On Saturday night, ASU held an upscale celebration at the Tempe Mission Palms hotel to honor Sun Devil Baseball players to have moved on to the Major Leagues. The event was prompted last May former Arizona State outfielder Kole Calhoun stepped up to the plate for the Los Angeles Angels. This was significant to the stature of the program because Calhoun became the 100th Sun Devil to play Major League Baseball. Just three months later on August 11, infielder Jake Elmore became the 101st Devil in the Show after making his debut for the Arizona Diamondbacks.
Thirty-four Sun Devil Major Leaguers participated in the $100 a seat dinner which was hosted by the ASU Alumni Association, the Sun Devil Club and ASU Baseball. It included a roundtable of former and current players who discussed the pride & tradition of Sun Devil Baseball. Each talked about what it means to be a member of a program that has earned 5 National Championships and sustained its status amongst the Nation's best.
ASU has sent 101 former players to Major League Baseball.
In light of the milestone, here's a gallery of PRO BASEBALL CARDS for Sun Devils who are currently in the League and those that played as far back as 1960. DieHardDevil.com has partnered with Dave Smith of Cardboard Sun Devils to provide the most comprehensive collection of Baseball, Football & Basketball trading cards of former Sun Devils. Dave periodically offers followers the chance to win cards from the collection. Like Cardboard Sun Devils on Facebook.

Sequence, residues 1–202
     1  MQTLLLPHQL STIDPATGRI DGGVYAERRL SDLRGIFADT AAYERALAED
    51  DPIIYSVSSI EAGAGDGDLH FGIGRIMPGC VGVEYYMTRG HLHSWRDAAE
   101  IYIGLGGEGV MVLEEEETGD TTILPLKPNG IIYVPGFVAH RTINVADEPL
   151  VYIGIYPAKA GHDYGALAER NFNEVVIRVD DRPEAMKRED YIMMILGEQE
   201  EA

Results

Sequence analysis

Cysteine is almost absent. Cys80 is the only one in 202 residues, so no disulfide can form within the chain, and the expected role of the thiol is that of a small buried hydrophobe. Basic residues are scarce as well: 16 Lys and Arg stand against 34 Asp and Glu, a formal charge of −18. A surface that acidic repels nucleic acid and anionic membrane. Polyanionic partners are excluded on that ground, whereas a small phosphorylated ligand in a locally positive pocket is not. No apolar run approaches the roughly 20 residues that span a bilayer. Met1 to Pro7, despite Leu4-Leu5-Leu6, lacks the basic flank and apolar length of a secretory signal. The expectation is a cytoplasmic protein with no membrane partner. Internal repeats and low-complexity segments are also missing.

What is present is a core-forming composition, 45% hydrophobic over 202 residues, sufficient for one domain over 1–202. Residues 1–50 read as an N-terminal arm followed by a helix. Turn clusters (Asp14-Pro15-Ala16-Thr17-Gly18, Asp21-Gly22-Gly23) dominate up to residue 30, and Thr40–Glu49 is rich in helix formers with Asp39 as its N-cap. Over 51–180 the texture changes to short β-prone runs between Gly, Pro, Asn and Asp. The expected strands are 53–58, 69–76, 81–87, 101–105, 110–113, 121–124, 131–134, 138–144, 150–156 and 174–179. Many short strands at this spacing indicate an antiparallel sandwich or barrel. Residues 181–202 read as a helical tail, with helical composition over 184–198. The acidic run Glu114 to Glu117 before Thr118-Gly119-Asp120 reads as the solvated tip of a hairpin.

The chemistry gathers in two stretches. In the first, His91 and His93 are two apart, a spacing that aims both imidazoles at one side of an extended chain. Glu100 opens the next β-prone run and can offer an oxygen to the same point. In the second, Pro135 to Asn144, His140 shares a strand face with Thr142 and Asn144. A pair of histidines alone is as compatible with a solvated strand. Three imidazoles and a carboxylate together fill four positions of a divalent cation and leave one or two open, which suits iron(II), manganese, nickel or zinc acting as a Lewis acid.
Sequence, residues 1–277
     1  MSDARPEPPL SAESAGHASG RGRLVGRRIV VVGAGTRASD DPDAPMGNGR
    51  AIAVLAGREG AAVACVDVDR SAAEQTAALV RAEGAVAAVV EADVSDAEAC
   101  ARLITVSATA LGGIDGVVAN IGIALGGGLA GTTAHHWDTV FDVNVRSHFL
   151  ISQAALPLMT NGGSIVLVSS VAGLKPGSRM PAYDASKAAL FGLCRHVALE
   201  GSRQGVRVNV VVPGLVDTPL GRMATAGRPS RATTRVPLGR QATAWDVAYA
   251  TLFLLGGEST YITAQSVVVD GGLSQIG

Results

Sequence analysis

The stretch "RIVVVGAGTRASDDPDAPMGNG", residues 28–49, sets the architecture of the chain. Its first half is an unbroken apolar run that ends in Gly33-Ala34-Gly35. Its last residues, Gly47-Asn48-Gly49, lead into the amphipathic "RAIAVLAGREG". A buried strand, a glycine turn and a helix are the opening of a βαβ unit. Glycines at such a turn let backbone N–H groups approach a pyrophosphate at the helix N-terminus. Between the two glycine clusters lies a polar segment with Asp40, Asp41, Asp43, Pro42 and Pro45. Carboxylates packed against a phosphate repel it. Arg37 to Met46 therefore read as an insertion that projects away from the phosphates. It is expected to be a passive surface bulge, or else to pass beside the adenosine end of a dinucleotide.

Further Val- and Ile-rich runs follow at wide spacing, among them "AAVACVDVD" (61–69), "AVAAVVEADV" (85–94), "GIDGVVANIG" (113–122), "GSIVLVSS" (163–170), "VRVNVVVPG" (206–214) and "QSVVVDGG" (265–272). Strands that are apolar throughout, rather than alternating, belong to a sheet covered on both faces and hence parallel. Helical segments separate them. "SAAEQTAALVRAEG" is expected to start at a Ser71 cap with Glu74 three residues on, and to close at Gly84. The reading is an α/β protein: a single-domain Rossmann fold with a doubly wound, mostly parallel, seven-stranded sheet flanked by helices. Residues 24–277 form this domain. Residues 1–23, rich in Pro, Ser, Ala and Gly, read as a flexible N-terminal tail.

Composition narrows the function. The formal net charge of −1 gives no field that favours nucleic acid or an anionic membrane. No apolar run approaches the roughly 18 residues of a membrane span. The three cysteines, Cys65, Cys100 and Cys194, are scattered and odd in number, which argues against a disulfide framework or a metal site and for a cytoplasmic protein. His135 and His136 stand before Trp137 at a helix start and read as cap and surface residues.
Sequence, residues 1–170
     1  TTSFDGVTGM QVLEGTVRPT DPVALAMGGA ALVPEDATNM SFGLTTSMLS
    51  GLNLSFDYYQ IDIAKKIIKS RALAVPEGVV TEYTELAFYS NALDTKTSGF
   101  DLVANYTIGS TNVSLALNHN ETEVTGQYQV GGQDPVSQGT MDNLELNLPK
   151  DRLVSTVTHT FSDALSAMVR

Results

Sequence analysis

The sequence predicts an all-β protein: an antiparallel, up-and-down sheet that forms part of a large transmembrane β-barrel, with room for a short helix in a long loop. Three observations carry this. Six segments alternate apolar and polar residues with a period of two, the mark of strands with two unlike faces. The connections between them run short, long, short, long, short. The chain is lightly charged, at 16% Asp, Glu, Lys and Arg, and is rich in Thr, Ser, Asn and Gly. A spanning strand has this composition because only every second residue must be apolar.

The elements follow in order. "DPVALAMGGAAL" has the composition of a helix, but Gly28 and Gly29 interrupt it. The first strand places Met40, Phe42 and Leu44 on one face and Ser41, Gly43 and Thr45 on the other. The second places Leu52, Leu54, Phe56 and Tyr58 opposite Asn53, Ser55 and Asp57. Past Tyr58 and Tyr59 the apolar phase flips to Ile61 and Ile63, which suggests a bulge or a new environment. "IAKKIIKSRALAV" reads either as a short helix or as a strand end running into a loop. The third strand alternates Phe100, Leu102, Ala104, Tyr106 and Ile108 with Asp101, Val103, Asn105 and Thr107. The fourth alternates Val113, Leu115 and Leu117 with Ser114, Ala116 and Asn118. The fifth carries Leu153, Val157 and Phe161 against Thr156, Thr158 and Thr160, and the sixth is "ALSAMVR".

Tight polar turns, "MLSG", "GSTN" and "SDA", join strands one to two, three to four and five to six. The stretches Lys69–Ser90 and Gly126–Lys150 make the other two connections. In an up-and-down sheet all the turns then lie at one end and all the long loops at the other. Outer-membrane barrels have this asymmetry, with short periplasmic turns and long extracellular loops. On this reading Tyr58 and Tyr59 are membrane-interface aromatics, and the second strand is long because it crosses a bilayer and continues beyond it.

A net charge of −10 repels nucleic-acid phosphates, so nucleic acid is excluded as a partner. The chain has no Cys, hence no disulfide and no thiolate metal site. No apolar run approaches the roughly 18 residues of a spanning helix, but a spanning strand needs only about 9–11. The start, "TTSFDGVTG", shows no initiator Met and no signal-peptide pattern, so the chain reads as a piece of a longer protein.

* * *
ASU Baseball's season-opener is Friday night at 6:30pm MT when the Devils host Bethune Cookman University at Packard Stadium.
Talk about it in the Devilink Forums
ASU BASEBALL SEASON OPENER - 6:30 MT, Friday Night at Packard Stadium
Feb 04, 2013 - 02:30 pm -
Anthony Robles did it last, Curley Culp did it first.
* * *
If you are a Sun Devil fan, say 35 years or younger, you might just be familiar with the catchy name, Curley Culp. You’ve probably heard the news about the legendary Sun Devil (1965-67) being inducted into the Pro Football Hall of Fame this weekend. But because his name is largely associated with Arizona State Football, you might not know about Curley Culp the wrestler.
In 1964, Culp was a big athlete hailing from Yuma, Arizona. At Yuma High, he excelled enough at both football and wrestling that he earned scholarship offers to play either sport. As he weighed his options, he was drawn to Arizona State because he was given the rare opportunity to play for Frank Kush’s Football program as well as the university’s Wrestling team.
At football, the 6’1”-270 lb Culp played primarily Defensive Lineman for Coach Kush, but at times he played on the Offensive line as well. In his final year as a Sun Devil football player, Curley Culp gained national attention when he was honored as an All-American defensive lineman. Later in 1975, he was inducted into Arizona State University’s Athletic Hall of Fame. Two years later, he was named to the WAC (Western Athletic Conference) 15-Year All-Star team. Then during the state's centennial celebration, Culp was named the Greatest Athlete in the History of Arizona.